Mayoral candidate Charlene Drew Jarvis said yesterday she would make family issues, health care and drug abuse prevention the focus of her administration, adding that she had "crossed the threshold" of voter resistance to the candidacy of a woman for the District's highest elective office.

Jarvis also sharply criticized two of her rivals in the Democratic Party's Sept. 11 mayoral primary, calling D.C. Council Chairman David A. Clarke "temperamentally unsuited" to be mayor and council member John Ray (At-Large) insensitive to issues affecting women and children.

In a luncheon interview with reporters and editors of The Washington Post, Jarvis said she would seek no immediate tax increases if elected and would retain Isaac Fulwood Jr. as police chief. Jarvis said the D.C. government would "do more with less" and "make wiser decisions about how we spend money" under her leadership.

"I think citizens do not have faith in their government at the moment and they're not willing to pay one more dime to a government in which they do not have faith," Jarvis said. "My challenge is to restore the credibility of government to prove that we can wisely use taxpayer dollars and not to propose any tax increases until there is that faith in government."

Jarvis, a native Washingtonian who turns 49 next week, received a doctorate in neuropsychology from the University of Maryland. She was elected to the D.C. Council from Ward 4 in a 1979 special election and faces four opponents in the Democratic mayoral primary: Clarke, Ray, lawyer Sharon Pratt Dixon and Del. Walter E. Fauntroy.

Former D.C. police chief Maurice T. Turner Jr. has no opponent in the Republican mayoral primary. The general election is Nov. 6.

Jarvis, citing several recent endorsements and an influx of organizers and fund-raisers from the defunct reelection campaign of Mayor Marion Barry, sought yesterday to cast the primary election contest as a race between her and Ray.

"He's not moving and I am," Jarvis said. "It's going to be easy to catch Mr. Ray."

Although she faulted Ray for not supporting several council measures she proposed to help women, Jarvis reserved her strongest criticism for Clarke, who over the years has clashed with Jarvis and other council members.

"Mr. Clarke is temperamentally unsuited to be mayor," Jarvis said. "Mr. Clarke has a temper. He is petulant. He is often illogical under stress and not often rational. That makes him temperamentally unsuited."

Kerry Pearson, Clarke's campaign manager, said Jarvis's comments were "uncalled for, low and not true. She's putting the campaign on a plane that's not complimentary to her campaign or the voters of this city."

Jarvis criticized Ray for opposing a set of child-support guidelines, reduced insurance premiums for women and legislation to prod insurers to pay for mammography screening for breast cancer.

Jarvis said her council colleague had been "really quite insensitive to the issues affecting women and children in this community."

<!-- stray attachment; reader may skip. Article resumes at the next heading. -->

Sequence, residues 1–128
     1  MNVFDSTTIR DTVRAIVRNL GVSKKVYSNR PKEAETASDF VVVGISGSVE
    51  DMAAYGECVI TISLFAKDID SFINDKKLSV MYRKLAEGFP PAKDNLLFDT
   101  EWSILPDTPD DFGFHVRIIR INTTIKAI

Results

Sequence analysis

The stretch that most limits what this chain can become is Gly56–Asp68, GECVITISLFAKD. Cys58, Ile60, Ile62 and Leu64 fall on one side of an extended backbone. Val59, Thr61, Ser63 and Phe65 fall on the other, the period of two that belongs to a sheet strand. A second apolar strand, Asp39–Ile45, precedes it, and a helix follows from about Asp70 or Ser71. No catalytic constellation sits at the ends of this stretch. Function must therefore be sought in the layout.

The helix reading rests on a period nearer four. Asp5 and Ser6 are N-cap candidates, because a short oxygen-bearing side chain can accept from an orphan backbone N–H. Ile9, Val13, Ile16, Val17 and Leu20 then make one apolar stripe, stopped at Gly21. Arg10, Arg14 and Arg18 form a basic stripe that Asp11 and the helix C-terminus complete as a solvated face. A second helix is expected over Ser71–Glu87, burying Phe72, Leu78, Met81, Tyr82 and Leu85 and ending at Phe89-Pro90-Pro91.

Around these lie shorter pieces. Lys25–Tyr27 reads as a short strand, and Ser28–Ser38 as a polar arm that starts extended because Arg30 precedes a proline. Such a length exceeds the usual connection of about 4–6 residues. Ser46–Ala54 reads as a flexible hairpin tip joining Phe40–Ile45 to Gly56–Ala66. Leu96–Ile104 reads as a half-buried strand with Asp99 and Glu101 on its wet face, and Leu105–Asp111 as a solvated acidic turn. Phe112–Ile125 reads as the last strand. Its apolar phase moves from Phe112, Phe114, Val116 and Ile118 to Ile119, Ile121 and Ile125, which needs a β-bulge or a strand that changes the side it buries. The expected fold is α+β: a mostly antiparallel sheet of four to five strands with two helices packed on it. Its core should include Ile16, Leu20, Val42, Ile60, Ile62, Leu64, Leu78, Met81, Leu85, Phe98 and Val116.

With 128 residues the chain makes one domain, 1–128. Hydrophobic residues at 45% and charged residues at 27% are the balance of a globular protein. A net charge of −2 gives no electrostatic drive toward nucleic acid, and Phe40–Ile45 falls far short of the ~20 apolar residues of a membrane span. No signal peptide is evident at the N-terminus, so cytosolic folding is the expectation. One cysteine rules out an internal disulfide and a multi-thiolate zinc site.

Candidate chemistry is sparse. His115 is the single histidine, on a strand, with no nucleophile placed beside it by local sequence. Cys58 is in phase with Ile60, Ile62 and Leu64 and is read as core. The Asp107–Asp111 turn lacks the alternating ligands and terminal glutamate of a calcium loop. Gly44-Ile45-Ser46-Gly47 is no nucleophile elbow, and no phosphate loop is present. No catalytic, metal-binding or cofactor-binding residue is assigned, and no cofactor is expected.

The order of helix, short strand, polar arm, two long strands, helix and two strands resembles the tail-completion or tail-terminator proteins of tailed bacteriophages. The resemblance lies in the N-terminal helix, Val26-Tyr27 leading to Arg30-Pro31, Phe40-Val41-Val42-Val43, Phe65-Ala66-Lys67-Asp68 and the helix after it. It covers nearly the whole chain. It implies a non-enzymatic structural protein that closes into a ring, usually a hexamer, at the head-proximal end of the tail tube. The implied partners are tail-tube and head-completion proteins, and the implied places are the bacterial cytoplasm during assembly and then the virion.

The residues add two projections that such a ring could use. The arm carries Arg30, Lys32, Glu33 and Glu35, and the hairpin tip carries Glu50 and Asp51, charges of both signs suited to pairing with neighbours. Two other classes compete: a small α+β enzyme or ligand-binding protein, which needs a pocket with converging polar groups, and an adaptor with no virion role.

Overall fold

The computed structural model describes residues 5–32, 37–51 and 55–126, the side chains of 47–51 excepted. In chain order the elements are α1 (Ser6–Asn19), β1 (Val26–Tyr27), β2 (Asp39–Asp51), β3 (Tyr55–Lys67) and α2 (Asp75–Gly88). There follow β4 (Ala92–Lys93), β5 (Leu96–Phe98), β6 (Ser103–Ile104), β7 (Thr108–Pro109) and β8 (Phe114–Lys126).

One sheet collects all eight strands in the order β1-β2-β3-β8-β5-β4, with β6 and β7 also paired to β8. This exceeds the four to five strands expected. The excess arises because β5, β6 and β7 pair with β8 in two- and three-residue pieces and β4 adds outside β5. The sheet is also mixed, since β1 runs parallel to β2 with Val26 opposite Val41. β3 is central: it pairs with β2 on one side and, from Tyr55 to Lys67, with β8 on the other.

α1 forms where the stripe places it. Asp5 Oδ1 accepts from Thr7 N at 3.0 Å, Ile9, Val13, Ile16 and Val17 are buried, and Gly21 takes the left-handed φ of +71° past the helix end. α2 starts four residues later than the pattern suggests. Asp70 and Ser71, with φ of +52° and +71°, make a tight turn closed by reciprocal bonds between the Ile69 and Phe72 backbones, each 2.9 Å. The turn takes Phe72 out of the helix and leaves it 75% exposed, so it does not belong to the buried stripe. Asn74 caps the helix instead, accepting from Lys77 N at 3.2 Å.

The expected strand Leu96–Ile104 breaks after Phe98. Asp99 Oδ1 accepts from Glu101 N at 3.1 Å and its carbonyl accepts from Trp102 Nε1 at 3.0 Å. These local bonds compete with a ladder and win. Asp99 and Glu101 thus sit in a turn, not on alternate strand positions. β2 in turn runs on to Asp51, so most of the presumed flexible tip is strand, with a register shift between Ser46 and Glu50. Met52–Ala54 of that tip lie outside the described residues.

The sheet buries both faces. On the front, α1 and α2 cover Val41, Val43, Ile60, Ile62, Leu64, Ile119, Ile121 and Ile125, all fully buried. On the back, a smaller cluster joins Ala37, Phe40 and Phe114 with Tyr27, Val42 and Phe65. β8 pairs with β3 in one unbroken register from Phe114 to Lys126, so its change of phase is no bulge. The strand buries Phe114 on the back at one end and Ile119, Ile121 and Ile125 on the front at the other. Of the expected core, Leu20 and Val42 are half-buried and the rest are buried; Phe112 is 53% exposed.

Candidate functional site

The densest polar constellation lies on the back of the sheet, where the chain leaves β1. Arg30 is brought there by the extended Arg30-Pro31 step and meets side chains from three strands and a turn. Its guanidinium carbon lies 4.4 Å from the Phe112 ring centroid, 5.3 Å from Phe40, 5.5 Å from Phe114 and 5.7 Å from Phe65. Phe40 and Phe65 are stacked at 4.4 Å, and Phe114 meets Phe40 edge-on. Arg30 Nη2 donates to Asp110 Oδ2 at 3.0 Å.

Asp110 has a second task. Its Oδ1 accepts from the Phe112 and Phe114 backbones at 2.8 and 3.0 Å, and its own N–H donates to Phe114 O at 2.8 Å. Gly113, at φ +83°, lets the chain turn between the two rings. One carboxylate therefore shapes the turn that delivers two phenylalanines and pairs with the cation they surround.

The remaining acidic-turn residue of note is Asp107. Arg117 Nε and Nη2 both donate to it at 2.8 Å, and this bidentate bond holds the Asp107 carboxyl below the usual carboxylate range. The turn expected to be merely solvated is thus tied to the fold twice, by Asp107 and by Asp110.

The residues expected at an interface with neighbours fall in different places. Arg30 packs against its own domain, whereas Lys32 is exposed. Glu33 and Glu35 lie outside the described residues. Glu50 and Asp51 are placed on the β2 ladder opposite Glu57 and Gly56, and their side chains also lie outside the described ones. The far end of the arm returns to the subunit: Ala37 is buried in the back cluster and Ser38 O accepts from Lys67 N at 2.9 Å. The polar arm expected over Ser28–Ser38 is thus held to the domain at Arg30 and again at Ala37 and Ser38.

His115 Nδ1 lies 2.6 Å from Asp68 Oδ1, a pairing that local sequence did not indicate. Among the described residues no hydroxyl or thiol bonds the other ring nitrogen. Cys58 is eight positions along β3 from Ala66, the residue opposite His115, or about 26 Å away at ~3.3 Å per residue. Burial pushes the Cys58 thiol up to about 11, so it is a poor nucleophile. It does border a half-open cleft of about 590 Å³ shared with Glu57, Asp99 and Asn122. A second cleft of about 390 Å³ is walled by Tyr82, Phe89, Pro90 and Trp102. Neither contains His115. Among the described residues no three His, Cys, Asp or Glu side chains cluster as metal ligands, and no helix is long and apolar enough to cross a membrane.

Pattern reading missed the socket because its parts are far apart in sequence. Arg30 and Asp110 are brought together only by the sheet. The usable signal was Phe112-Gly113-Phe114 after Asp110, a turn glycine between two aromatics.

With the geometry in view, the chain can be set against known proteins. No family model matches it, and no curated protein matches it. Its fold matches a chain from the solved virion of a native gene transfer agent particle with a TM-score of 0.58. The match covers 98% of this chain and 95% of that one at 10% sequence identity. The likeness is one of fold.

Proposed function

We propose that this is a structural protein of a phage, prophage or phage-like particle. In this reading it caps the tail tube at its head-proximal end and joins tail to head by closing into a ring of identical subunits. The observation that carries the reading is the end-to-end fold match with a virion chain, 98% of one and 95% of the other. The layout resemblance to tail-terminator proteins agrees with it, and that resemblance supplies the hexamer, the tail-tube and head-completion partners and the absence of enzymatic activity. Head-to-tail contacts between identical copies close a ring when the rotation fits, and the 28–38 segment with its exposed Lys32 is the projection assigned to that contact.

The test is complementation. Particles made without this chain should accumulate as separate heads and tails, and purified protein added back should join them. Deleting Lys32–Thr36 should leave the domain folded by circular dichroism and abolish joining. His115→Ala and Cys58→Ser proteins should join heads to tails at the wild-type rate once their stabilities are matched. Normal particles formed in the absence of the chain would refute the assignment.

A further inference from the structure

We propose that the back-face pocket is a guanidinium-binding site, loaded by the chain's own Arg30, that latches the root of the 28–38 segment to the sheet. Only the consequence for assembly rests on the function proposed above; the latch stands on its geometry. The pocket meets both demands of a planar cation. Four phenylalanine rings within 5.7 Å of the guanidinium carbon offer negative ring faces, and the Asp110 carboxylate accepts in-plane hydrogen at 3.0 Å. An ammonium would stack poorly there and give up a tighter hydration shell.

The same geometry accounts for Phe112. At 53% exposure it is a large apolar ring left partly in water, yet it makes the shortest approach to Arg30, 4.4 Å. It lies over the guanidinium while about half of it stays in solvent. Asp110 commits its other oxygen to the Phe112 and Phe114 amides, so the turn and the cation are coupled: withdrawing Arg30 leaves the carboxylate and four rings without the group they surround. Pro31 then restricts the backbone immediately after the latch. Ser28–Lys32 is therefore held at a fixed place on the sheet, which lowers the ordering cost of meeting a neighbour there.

Ray said later, "I've been on women's issues long before Jarvis got there," adding that, "I guess people have to beat up on you about something."

Ray and his spokeswoman, Margaret Gentry, cited his support for child-care legislation, a measure to strengthen child support regulations as early as 10 years ago and passing Jarvis's mammography bill out of his council committee.

Jarvis also criticized Ray for accepting substantial contributions from developers, saying "voters are suspicious of the source of those funds and the Ward 3 voter is now understanding that a Ray candidacy means an end to their successes over development."

Ray, who has campaigned widely in affluent Ward 3, where neighbors have banded together to defeat several development projects, said this week that he was not accepting signficantly more developer contributions than other mayoral candidates.

In the interview, Jarvis said she would reorder the priorities of D.C. government to create a better support system for families in crisis, drug addicts and those afflicted with AIDS.

Jarvis, who earlier in the campaign complained that she was not being taken so seriously as others because she is a woman, contended that voter reluctance to embrace such a candidacy seemed to be dissipating in recent weeks.

"Voters are looking at me differently as a candidate now," said Jarvis, who ran unsuccessfully for mayor in 1982. "The comments that I got before from voters were: 'Yes, Jarvis, you're very capable and energetic and hard-working and experienced and knowledgeable, but we don't think a woman can win this race.' And they're not saying that. I really have crossed that threshold."

Although Jarvis described the hiring of government workers as "out of control" under the Barry administration, with rewards going to "those who performed politically and not professionally," she said she saw no pressing need to order across-the-board cuts in the city payroll, as some of her opponents have suggested.

With the District facing a deficit that some experts believe will approach $100 million in coming months, Jarvis said money could be saved in several areas, such as paying insurance premiums for AIDS patients rather than absorbing their Medicaid costs, and by reducing the amount of office space the city government leases.

Jarvis said she would reduce the 3 million square feet of space the city now leases to 1 million within six years.

She also said she had severed her ties with Woodrow Boggs Jr., her onetime political adviser who with Jarvis was embroiled in several political and financial controversies over the years.

"Mr. Boggs resisted accountability, and therefore he is not part of this campaign," Jarvis said. "That is exactly what I will do as mayor. People who are unwilling to be accountable will not continue in my government."

Jarvis said Boggs would have no role in her mayoral administration, adding that the two had not spoken in months.